While the impasse with Netflix casts a long shadow, Cannes Film Festival and accompanying market are still the crucial platform for showcasing excellence in global cinema in the eyes of most buyers and sellers.
Trust Netflix to throw the identity of Cannes Film Festival into question. The standoff between the venerable celebration of cinema and the disruptor-in-chief from Silicon Valley goes deeper than a tiff. The impasse feels epochal — more important than this year’s earlier start day and the edict blocking press from viewing a Competition film ahead of the evening world premiere. It reflects profound issues shaping today’s film business.
“Thierry is completely old school,” says one seasoned distributor of festival chief Thierry Frémaux in reference to last year’s ruling by Cannes that, starting this year, Competition selections must be available for French theatrical distribution. In fairness to Frémaux, his hands are tied in a political knot. The diktat is rooted in France’s media chronology laws, which forbid a title from streaming until three years after the theatrical release, and can only be undone by legislators.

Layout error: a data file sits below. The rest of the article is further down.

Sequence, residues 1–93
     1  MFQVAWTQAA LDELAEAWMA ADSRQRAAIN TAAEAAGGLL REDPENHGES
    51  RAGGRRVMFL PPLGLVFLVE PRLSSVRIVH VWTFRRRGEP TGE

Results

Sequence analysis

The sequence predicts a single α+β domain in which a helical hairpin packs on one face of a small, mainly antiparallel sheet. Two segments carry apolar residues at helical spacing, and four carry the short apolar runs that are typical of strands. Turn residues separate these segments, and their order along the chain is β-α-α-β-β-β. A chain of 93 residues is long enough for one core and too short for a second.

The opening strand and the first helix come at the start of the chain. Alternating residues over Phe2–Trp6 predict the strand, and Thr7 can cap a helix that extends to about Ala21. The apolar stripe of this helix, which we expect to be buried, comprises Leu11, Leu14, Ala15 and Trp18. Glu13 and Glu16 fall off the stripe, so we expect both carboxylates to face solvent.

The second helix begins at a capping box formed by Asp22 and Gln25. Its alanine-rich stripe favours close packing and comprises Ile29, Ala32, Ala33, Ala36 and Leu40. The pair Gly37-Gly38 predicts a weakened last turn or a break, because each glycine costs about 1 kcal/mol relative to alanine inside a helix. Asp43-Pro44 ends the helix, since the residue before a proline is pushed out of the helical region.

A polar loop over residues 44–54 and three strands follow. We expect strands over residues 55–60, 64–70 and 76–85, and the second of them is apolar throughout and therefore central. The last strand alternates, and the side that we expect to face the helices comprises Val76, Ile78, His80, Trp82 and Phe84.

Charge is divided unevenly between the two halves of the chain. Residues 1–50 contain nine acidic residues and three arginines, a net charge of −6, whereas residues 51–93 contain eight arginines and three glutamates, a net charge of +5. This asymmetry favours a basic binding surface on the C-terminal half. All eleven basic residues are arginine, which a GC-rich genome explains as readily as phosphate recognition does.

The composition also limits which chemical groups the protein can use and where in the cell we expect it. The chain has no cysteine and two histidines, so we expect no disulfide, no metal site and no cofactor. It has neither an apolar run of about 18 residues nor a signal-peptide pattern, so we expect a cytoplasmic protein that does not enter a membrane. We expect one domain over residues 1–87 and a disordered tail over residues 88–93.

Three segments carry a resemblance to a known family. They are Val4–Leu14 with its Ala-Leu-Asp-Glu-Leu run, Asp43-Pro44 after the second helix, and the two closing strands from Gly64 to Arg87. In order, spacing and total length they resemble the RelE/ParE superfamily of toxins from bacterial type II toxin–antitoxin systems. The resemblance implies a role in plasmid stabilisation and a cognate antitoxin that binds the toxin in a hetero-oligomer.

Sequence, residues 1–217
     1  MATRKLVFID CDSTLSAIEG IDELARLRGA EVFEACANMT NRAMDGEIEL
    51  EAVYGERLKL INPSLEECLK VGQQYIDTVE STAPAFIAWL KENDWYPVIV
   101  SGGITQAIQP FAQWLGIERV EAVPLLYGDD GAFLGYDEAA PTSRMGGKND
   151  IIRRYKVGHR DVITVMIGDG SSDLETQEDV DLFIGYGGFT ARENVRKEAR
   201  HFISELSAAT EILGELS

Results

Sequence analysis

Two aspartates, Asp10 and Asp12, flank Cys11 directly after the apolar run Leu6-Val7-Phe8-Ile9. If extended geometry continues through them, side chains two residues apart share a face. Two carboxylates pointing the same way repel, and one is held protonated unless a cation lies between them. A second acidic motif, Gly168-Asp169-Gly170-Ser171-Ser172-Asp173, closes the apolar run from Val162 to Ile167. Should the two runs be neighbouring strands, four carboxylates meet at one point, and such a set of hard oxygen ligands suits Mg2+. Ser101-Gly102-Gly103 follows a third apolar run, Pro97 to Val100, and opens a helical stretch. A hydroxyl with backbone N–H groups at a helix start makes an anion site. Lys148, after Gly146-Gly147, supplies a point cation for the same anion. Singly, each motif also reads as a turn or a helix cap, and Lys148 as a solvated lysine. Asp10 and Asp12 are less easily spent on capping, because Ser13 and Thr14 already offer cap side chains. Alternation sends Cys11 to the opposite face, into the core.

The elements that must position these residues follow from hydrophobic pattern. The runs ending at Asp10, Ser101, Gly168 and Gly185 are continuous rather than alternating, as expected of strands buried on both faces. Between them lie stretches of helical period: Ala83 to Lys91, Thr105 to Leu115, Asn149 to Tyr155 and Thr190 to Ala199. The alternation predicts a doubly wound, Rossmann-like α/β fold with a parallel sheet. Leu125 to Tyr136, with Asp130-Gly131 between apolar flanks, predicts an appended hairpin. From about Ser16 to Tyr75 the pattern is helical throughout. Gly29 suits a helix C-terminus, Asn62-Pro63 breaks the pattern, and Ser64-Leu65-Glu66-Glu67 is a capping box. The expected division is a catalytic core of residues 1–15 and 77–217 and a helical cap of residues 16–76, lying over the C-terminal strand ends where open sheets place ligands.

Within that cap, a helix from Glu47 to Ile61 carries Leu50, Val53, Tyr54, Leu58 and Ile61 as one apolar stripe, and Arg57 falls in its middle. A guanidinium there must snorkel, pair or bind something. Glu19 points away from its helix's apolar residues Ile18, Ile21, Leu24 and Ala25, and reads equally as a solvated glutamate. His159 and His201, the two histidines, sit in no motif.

However, Netflix has no time for a law that runs contrary to its model and chief content officer Ted Sarandos made it clear the digital titan will not bring any of its films to the Croisette. The boycott includes a host of anticipated titles by several of the world’s best, among them Alfonso Cuaron’s Roma and Paul Greengrass’s Norway. Most excruciatingly for cinephiles, Netflix is holding back The Other Side Of The Wind, the final film by Orson Welles — previously unfinished — that it paid for to complete.
Frémaux told Screen International he begged Netflix to reach some kind of entente cordiale on Roma. He could yet be vindicated if an official selection low on star wattage and minus a handful of auteurs tees up a discovery or two.